It is with bewilderment that Nicholas’mother, Katie, learns that her 17-year-old son has not attended classes for a month. She lives with her son, has not seen anything coming and makes appeals to the father from whom she has been separated for a couple of years.
The opening scene of The Son shows us his mother, played by Laura Dern, on the landing of her ex-husband’s apartment, distraught by the mystery that her son has become. In this first instance, we do not find any guilt-ridden intent in this lost mother. On the contrary, there is an indication of the tone of the film as a whole: to voice best what goes through each of them. What follows is that the son moves in with his father in the hope of a fresh start. Peter has remarried, and his new partner has just given him a second son. For some time, Nicholas seems to pull the wool over his father’s eyes, giving in to his demands, and saying that he will take up his classes, reconnect with his friends, and so on. However, the real that assaults him does not leave him alone. “I don’t know what is happening to me”, he yells at his father.
Therefore, despite everyone’s good intentions, something always sounds odd to Nicholas.
Is it his parents’ divorce? Would Nicholas like to see them reunited? Is it the nostalgy of the supposedly happy time of childhood where everything seems always in harmony?
Be that as it may, the Other is targeted, particularly in the father figure, and in two respects. In one scene, which Florian Zeller has added to the initial theatre play, Anthony Hopkins, who stands firm as a “cruel” father, who is constantly absorbed in his work, explains to his son, Peter, that he has no remorse concerning his family life. He invites his son to put a term to his own childhood. Does Peter, who identifies with his own father, play the same part with his son?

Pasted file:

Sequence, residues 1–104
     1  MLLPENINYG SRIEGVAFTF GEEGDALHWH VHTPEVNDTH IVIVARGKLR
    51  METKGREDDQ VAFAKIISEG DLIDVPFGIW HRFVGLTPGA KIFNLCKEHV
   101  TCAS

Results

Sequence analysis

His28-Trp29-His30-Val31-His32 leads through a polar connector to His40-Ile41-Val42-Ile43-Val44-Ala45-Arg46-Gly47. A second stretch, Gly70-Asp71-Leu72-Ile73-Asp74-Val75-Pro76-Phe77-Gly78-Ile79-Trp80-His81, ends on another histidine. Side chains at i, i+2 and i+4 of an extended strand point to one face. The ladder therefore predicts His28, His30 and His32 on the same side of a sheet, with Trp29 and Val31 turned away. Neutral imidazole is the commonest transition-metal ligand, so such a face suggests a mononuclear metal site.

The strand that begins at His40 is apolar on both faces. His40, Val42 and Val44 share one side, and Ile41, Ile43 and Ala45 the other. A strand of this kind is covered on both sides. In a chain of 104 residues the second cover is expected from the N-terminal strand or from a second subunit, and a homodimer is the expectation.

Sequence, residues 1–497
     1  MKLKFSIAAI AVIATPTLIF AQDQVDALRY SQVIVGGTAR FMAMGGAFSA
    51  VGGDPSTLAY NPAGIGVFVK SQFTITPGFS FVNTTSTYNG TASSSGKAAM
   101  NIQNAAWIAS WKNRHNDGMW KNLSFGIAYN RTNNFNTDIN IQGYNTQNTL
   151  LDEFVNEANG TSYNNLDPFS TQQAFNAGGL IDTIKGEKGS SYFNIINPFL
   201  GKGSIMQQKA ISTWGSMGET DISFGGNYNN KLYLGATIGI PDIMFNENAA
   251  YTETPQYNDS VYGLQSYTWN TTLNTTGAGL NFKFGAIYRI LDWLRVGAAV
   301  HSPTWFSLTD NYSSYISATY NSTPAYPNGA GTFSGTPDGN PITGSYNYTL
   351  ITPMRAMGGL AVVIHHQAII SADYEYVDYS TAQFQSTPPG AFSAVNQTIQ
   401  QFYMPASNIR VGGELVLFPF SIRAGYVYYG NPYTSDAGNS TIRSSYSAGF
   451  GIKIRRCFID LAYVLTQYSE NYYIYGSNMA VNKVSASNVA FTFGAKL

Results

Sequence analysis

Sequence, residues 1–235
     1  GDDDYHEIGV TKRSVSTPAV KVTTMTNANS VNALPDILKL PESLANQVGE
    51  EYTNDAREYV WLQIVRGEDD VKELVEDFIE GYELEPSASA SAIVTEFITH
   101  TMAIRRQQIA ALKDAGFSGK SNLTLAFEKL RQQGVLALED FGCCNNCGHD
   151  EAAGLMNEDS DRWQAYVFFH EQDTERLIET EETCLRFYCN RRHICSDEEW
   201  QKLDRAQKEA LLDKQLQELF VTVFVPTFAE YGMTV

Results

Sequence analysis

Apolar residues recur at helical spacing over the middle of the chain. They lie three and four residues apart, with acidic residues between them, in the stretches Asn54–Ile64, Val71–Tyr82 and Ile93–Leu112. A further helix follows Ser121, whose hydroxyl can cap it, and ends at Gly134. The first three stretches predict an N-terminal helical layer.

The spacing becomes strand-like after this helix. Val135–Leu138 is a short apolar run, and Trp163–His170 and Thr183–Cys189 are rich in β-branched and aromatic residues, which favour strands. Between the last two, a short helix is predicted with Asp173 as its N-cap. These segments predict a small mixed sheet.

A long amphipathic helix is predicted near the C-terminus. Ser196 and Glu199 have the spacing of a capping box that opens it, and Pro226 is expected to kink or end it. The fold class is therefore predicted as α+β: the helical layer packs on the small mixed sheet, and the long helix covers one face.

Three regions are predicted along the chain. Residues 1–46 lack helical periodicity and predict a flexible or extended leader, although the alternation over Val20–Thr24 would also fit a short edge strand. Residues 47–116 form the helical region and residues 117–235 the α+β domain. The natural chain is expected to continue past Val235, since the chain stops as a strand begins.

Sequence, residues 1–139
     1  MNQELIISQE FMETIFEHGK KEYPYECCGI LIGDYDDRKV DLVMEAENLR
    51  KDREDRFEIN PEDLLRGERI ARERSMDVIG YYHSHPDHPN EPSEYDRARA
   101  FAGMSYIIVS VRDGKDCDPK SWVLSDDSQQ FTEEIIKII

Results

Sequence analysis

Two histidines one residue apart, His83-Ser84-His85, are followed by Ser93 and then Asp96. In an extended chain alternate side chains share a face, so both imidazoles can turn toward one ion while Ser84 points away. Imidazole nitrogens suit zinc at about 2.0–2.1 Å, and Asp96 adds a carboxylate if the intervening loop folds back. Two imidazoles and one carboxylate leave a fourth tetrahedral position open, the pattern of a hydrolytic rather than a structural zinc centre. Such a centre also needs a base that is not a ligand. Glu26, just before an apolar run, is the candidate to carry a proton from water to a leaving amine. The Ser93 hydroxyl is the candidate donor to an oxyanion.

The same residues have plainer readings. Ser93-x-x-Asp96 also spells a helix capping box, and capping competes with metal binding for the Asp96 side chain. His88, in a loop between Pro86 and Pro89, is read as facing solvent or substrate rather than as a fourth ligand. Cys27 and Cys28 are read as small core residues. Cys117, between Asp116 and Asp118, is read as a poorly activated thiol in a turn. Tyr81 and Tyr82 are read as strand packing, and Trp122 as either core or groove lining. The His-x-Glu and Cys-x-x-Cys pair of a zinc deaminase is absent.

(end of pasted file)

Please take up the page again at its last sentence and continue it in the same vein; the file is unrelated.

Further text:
“The question of the father, is crucial in Florian Zeller’s mental universe” – says Samuel Blumenfeld. “If one wants to dig deeper, quoting portraits published in newspapers where a German father is mentioned […] he sweeps the question away “Nothing of the kind”. And he continues: “If you want to speak about the father, let us speak about the Son.”” Precisely, the path that the filmmaker of The Son explored is soon revealed to be nothing but a paravent that is smashed to pieces when Nicholas – in a moment of crisis – manages to speak about the difficulty of dealing with life itself. One could not find a more accurate expression of the Other who appears as weak support when he has to face the enigma of the “excess of liveliness” that he is invaded by.
Various moments of his life are tinged with profound perplexity. While there is no doubt that his father as well as his mother are sensitive to this, there remains however a dimension that escapes meaning and that obstructs. Where then do we have to situate the paternal function? Is it in the transgression of this abyss – however tiny it may be – that separates the opacity that is logged at the heart of his being and his taking in consideration of the Other?
As always when we are dealing with an oeuvre of art, the absence of explanation is not lacking because the author refrains from giving it to us.
On the contrary, is F. Zeller’s art not rather tracing a trajectory that wraps tightly around a hole? A hole as such unsayable, where Nicholas has embedded his existence?
Guided by this blind spot, with The Son, F. Zeller shoots straight.
 Zeller F., The Son, film, France, USA, UK, Film4 Productions, 2022. Adaptation of the theatre play The Son by the same playwright.
 Adjective used by Florian Zeller at the preview in Lille on the 25th February 2023 in the UGC cinema in Lille.
 Blumenfeld S., “après le père, le fils: Florian Zeller, un Français à Hollywood” (“After the father, the son: Florian Zeller, a Frenchman in Hollywood”, own translation), Le Monde, 26 February 2023.
Translation: Eva Reinhofer
Proofreading: Sébastien Dauguet
Picture: © Emmanuel Kervyn